Politics may increasingly override the rights of Canadians, warns law professor
Benjamin Berger is concerned that a special clause in Canada's Charter of Rights and Freedoms may be used in unjustified ways, to the detriment of the country.
"What worries me is that it reflects a different view of what democracy entails … a view of democracy that is decoupled from rights," Berger, a constitutional scholar, told The Sunday Edition's host Michael Enright.
The notwithstanding clause — also known as Section 33 — allows politicians to pass laws that override the rights of Canadians. It has been used rarely since the Charter became law in 1982.
However, the premiers of the country's two most populous provinces — Doug Ford in Ontario and François Legault in Quebec — have said they are fully prepared to invoke the notwithstanding clause whenever they please.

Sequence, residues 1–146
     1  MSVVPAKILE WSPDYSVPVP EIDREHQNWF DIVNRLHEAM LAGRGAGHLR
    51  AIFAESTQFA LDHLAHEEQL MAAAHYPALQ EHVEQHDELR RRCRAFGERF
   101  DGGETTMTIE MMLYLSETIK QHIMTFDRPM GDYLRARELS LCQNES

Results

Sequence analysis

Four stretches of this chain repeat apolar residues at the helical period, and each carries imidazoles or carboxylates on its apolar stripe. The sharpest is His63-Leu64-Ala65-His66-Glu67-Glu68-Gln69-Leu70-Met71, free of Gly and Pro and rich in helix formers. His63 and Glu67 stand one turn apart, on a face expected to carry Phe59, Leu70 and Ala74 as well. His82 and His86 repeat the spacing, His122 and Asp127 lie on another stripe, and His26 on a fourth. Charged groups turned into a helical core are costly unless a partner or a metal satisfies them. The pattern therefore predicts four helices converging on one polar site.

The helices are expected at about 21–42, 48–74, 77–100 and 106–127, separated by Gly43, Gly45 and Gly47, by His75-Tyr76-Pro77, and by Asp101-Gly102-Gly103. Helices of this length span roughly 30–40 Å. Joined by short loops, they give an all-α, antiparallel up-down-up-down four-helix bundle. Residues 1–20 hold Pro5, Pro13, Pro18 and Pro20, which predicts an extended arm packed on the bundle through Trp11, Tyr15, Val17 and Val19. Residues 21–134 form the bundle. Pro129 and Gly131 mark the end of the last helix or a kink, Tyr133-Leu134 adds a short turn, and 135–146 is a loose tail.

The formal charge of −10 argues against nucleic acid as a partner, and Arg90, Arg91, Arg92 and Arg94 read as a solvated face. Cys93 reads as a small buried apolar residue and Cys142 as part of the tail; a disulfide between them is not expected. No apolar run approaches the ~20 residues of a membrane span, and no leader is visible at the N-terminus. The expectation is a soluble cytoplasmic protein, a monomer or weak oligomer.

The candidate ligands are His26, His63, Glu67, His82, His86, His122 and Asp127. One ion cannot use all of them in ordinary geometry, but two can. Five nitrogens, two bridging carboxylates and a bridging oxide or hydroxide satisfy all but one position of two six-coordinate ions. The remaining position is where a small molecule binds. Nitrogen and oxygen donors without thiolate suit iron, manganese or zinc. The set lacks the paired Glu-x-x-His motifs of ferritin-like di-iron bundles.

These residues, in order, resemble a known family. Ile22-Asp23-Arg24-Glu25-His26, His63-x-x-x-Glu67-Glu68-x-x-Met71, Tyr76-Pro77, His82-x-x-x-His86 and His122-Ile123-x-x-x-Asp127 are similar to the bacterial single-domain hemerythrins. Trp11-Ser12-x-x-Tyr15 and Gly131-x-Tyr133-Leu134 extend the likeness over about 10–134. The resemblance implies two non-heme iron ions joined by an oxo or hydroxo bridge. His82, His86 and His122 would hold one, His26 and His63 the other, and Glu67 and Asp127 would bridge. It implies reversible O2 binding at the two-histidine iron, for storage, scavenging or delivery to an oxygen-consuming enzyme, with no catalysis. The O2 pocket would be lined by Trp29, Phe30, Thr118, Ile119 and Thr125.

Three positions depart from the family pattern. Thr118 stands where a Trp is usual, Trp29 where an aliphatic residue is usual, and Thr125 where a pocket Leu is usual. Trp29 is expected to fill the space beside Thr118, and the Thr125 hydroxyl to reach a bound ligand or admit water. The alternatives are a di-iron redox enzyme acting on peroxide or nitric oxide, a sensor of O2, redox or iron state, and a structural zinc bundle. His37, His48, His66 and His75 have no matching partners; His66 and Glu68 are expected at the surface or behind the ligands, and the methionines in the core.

Berger calls for more sober reflection before the notwithstanding clause is invoked. He is concerned that Section 33 is being invoked in illegitimate ways, that could be to the detriment to the country.
"There is, I think, a phenomenon at play in Canada – we see it elsewhere in the world – are we seeing it a little bit in Canada?" he said.
Click 'listen' above to hear the interview.
Note: This post has been edited to clarify that Professor Berger believes Section 33's possible illegitimate or unjustified use could be harmful to the country - not the sheer number of times that it may be invoked.